There seems no need, or maybe I “can’t see the forest for all the trees” being too deep into the scene?
Void of the “progress” we see in many developing countries, a lot has not changed one iota in Vietnam – cultures, customs, and traditions still rule.
Da Nang, as many of us have discovered in recent years, is as pretty as a postcard, provincial in look and feel with friendly locals and a slower pace than the capital, Hanoi, and Ho Chi Minh City. Most of the businesses are family-owned, passed down through the generations. There are very few Westerners in the city center area bordering the Han River, adding to that local authenticity.
The Westerners are mainly located in the neighbourhoods around My Khe and in gorgeous neighbouring Hoi An, a highly touristy ancient international trading port.
So for the most part I have the center of Da Nang to myself, or so it feels.
And the locals didn’t waste any time at all rolling out the welcome mat. It seems like I’ve met nearly everyone in the city center during the 1.5 years in Da Nang, and if I didn’t, they went out of their way to meet me.
Most can’t say anything at all in English, or very little, but that didn’t hinder us for a moment because it’s such a friendly place, especially for a city of well over one million. Every time I go to my favourite breakfast soup place it was like walking into my mom’s kitchen – the women clucking and fussing as they made the best dishes each time.
One of the great thrills about the nomadic lifestyle is instead of never feeling at home, I always feel at home wherever I go. I know the best of the best of central Da Nang, only occasionally visit the beach areas, and made some great friends along the way.
I also had Da Lat on my list for many years and finally made it there just over a year ago. If Vietnam in general feels like a trip back through the decades, Da Lat feels like reversing through a few centuries!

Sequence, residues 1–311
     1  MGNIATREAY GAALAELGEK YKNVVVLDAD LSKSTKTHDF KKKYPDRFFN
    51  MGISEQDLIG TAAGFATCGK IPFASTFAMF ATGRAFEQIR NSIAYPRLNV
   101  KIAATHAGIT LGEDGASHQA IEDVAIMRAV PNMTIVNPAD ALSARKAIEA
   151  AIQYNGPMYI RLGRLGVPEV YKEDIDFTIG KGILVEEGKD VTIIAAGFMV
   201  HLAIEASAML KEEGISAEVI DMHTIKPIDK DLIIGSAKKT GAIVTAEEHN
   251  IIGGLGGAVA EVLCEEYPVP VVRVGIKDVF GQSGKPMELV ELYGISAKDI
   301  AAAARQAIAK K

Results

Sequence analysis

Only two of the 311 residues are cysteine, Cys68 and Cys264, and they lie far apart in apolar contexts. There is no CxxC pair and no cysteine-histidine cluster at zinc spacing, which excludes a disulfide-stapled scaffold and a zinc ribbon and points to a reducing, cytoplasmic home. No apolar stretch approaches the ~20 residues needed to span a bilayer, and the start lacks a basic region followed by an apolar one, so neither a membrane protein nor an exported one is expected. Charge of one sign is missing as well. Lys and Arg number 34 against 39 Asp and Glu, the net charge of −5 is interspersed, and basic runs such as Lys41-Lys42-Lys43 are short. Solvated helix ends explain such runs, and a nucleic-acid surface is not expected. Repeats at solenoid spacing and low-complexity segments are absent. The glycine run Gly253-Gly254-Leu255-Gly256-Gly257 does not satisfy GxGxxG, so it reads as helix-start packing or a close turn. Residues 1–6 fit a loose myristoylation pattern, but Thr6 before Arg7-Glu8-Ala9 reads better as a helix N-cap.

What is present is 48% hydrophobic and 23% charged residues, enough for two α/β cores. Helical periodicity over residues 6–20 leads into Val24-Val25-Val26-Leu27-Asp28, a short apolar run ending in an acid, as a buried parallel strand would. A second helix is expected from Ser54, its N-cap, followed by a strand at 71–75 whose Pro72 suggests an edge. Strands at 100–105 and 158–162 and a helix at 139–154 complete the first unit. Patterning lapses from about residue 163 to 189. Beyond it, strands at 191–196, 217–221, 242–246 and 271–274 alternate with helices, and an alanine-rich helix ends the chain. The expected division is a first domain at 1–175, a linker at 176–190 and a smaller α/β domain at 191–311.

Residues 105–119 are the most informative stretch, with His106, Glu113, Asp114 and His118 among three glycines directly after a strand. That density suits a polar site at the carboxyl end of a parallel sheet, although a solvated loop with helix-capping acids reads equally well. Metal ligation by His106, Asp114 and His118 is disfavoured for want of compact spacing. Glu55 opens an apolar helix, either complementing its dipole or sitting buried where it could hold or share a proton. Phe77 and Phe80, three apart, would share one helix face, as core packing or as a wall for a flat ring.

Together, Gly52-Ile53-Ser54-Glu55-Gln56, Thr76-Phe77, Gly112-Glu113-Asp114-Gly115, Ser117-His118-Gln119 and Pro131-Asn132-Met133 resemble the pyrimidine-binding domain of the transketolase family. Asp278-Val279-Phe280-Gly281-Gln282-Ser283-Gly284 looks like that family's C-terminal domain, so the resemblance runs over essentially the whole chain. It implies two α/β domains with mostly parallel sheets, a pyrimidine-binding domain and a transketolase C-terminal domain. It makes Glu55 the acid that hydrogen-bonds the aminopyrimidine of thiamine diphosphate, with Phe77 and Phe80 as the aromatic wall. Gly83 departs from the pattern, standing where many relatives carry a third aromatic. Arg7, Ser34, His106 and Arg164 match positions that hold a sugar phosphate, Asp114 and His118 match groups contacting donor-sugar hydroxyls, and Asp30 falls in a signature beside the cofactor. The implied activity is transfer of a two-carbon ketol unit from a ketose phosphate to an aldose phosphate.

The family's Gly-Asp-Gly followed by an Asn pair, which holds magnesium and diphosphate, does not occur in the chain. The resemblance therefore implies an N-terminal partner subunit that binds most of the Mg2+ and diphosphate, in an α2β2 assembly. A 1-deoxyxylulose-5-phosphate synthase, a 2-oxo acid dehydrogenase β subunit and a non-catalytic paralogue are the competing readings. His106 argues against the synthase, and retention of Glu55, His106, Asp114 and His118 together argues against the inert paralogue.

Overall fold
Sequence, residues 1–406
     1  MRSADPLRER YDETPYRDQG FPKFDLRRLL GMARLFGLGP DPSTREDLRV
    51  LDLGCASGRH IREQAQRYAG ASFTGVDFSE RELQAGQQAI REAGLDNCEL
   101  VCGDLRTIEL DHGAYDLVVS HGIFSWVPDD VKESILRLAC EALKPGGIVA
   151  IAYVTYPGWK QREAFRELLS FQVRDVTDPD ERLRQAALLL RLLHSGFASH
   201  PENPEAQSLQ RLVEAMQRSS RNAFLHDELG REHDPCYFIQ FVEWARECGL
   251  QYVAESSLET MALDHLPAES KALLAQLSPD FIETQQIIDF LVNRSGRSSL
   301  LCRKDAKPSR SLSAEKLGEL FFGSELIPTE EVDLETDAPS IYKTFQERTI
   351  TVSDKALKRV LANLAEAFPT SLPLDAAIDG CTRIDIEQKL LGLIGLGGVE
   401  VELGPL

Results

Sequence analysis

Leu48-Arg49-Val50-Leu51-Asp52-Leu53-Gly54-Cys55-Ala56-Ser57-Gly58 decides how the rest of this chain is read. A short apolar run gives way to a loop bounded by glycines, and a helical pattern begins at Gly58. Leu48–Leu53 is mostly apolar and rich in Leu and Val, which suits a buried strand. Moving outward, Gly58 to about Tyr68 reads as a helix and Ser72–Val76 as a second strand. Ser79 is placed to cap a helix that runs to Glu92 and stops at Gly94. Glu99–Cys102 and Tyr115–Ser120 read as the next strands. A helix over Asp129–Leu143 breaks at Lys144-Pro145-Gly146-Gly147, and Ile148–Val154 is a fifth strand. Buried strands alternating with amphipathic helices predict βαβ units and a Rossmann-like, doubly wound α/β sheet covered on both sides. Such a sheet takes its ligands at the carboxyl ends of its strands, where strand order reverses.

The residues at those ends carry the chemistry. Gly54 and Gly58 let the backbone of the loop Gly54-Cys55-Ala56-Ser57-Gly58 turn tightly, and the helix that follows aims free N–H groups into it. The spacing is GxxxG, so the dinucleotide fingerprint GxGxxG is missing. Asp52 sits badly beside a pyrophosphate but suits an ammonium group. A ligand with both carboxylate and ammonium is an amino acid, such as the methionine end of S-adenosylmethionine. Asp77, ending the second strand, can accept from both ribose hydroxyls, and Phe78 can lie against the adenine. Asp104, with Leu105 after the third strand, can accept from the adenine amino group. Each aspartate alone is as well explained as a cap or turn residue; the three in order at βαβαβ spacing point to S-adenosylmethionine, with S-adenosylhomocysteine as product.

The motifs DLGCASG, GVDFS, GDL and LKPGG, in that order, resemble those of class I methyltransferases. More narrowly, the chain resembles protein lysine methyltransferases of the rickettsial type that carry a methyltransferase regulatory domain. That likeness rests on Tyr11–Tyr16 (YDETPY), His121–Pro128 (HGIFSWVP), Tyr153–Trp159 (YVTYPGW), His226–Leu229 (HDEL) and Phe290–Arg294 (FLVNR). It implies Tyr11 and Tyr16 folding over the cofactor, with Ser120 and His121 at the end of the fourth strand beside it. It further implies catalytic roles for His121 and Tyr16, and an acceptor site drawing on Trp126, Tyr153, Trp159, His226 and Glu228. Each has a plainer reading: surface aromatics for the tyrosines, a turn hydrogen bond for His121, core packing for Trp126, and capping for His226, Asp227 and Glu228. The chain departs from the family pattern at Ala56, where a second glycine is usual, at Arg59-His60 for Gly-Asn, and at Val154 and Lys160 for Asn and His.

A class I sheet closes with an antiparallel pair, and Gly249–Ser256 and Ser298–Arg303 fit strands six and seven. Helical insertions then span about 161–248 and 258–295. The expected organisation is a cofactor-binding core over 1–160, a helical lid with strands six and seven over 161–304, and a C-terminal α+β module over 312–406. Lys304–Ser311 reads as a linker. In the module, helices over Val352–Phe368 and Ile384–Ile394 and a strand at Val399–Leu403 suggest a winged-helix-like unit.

You could say Ba Na Hills is a re-creation of a French city up in the hills above Da Nang, but Da Lat is a French city in the hills north of Ho Chi Minh City, that’s the difference between the two.
I always say if you replaced all the signs in Vietnamese with French, you’d be in Europe, that’s how authentically European Da Lat is.
Even more ironic is that Da Lat is built on a series of hills, reminiscent of a medieval-style European city. I lived in such a city for 10 years in Switzerland so coming to Da Lat was very much like a homecoming.
Stone stairs wind their way up the hill in Da Lat
Da Lat has a more provincial feel to it than Da Nang, with a strong nucleus of locals and much less migration from large urban centers. The city is hard to reach by road from Ho Chi Minh City and the coast that lies to the east, so it’s more of a special getaway destination for Vietnamese who want cool weather and some open space.
It’s odd that my other favourite nomadic haunts in Southeast Asia are slowly dropping off my list, leaving me blissfully in Vietnam, off the beaten path, away from the hustle and bustle and endless “improvements.”
At any point in time it’s the dry season somewhere in Vietnam – that’s the advantage of having a country that stretches over 1,600 kilometers from north to south.
I can stand a little rain, but as luck would have it the seasons in my two favourite spots complement each other nicely, so one of the two is always dry.
After leading a nomadic lifestyle for so many years I understand now how difficult it is to find a place that grabs your heart and won’t let go, while the others fade away.
Finding two such places?
They say lightning never hits the exact same place twice, but I’m lucky and grateful that it has for me in Da Nang and Da Lat.